Jennifer Hutson, a first-grade teacher, has been in the district for 23 years. Her philosophy of education is that given the time, the love, the structure and the discipline, every child can learn. Her hope is to always convince a child to love learning because she loves it also, and that her mission is not to teach from a book, but from the heart. To simply put things into perspective: Teach the children, love the children, change the world. Hutson is a graduate of the University of Mississippi and William Carey University.
Lipsey Middle School
Shunta Davis has been teaching in the district for four years. She is a sixth-grade math teacher and has experience teaching fifth-grade Language Arts. Davis believes that teaching is a gift that allows her to help others achieve success. She also believes in the quote that says, “Success is not the key to happiness. Happiness is the key to success. If you love what you are doing, you will be successful.” Davis attended Jackson State University and William Carey.
Alexander Junior High
Kimberly Kolpek has been teaching in the district for two years. She is currently teaching eighth-grade language arts. She believes that quality English teachers prepare students for life beyond the classroom. Kolpek establishes meaningful student learning experiences by implementing activities that encourage both student problem-solving and collaboration. Her belief is that teaching English is not about having students read every classic novel or demanding them to memorize dozens of Shakespearean sonnets, but it’s about establishing a constructive learning environment. Kolpek attended Lipscomb University in Nashville, Tennessee.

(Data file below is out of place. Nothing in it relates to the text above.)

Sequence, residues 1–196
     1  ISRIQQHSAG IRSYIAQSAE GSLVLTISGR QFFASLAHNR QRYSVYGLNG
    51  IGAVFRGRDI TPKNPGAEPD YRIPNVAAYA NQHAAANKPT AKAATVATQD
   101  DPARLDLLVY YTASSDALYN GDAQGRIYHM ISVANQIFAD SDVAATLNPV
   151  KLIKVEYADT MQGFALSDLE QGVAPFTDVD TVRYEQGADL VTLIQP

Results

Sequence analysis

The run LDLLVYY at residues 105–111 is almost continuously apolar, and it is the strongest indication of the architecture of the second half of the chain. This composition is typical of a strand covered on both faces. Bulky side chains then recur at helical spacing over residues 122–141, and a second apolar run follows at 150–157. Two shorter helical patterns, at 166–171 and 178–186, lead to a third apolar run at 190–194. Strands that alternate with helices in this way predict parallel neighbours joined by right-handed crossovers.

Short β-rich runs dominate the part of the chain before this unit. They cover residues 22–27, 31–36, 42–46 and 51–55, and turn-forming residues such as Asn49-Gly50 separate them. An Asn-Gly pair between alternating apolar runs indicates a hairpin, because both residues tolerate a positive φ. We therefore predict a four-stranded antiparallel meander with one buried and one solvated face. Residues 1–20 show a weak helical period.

1st Sgt. David Williams, Brookhaven High School
1st Sgt. David Williams has been teaching in the district for eight years. He teaches Army Junior Reserved Officer Training on the ninth- through 12th-grade levels. Williams believes that education opens various doors to endless opportunities and allows one to compete in today’s society. He also believes that the armed services can provide on-the-job-training, financial compensation, career advancement, and college tuition assistant for those might not be ready for college upon graduation from high school. Williams attended Belhaven University.
Leah Ann Peavey,
Brookhaven Technical Center
Leah Ann Peavey has been teaching in the district for 12 years and currently teaches polymer science. Peavey believes in the philosophy of Charles F. Kettering which states that “High achievement always takes place in the framework of high expectations.” “As classroom instructors, we must give our best to our students and it is our charge as facilitators of learning to consistently evaluate the effectiveness of our teaching methods and strategies and consistently improve them,” she said. Peavey attended the University of Southern Mississippi and Jackson State University.
Mullins Alternative School
Dorothy Quinn has been teaching in the district for 34 years. She is currently teaching GED prep. Quinn believes that all students can learn and that as a teacher, her goal is to combine expectations with a supportive and loving classroom environment. She also believes in addressing each student’s strengths and weaknesses in a deliberate and purposeful manner in order to assist the student in reaching his or her highest possible achievement. Quinn attended Jackson State University.